The US and Turkey have imposed travel restrictions on each other in an escalating diplomatic spat that highlights worsening relations between Ankara and its western allies.

Late on Sunday, Washington said it was suspending the processing of all non-immigrant visas in Turkey due to “recent events” that “have forced the United States government to reassess the commitment of the government of Turkey to the security of US mission facilities and personnel”.

Ankara responded in the early hours of Monday with an identical statement, imposing tit-for-tat measures and suspending the processing of visas in its embassy and consulate in the US. It also shut down its online visa system for US citizens.
The Turkish move effectively closed its borders to American visitors residing in the US or elsewhere, unless they can obtain visas from diplomatic missions outside their home country.

A rift between Turkey and the west has broadened in the aftermath of last year’s coup attempt, divergence over the war in Syria, and a crackdown against alleged putsch collaborators in the ensuing months.

The US government’s restrictions appeared to be linked to the arrest last week of a local consulate employee in Istanbul over alleged links to the movement of Fethullah Gülen. Gülen, an exiled preacher based in Pennsylvania, is widely believed in Turkey to have orchestrated last year’s coup attempt. Ankara has long demanded the cleric’s extradition.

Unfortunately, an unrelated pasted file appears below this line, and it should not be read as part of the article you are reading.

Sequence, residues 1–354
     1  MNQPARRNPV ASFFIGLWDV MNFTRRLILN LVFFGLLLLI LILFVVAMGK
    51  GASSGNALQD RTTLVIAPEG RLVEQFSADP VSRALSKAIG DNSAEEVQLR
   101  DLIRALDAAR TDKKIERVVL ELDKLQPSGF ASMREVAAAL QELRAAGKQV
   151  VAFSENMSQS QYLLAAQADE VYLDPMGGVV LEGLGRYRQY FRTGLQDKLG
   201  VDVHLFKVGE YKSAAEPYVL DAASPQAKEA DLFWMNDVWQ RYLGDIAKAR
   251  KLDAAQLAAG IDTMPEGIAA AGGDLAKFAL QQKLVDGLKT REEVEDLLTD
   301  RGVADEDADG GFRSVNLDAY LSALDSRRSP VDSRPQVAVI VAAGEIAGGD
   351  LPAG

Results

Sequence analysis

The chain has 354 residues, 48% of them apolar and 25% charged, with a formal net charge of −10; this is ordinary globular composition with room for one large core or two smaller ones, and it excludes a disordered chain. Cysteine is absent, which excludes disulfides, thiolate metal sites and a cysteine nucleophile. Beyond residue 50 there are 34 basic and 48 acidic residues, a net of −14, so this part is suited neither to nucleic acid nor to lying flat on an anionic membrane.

The US embassy said it was “deeply disturbed” by the arrest, and said the allegations were “wholly without merit”.

Washington once saw Turkey as key to battling Islamic State militants and other terror groups in Syria and Iraq, but relations between the two allies declined under Barack Obama.

Ankara objected to the former president’s lack of willingness to intervene forcefully in the war in Syria against the forces of Bashar al-Assad, as well as Washington’s support for Kurdish militias fighting against Islamic State in Syria. Turkey considers the People’s Protection Units (YPG) an affiliate of the Kurdistan Workers party (PKK), a separatist insurgency and designated terrorist group.

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Turkey was also angered by how slow the US was to condemn last year’s coup attempt and unwillingness to extradite Gülen. Turkish security personnel were indicted earlier this year for attacking demonstrators during a visit by the Turkish president, Recep Tayyip Erdoğan, to the US.
Observers had expected relations to improve under the administration of Donald Trump, who has long expressed admiration for Erdoğan, a strongman leader with a reputation in the west for not tolerating critics. However, a US initiative to directly arm the Kurdish militias fighting in Syria caused diplomatic relations to deteriorate further.

The Turkish lira plummeted to its lowest value in months over the latest crisis, which will limit the influx of tourists to the country after a slow recovery
source
https://www.theguardian.com/world/2017/oct/09/us-suspends-handling-of-visas-in-turkey-after-arrest-of-consulate-staffer

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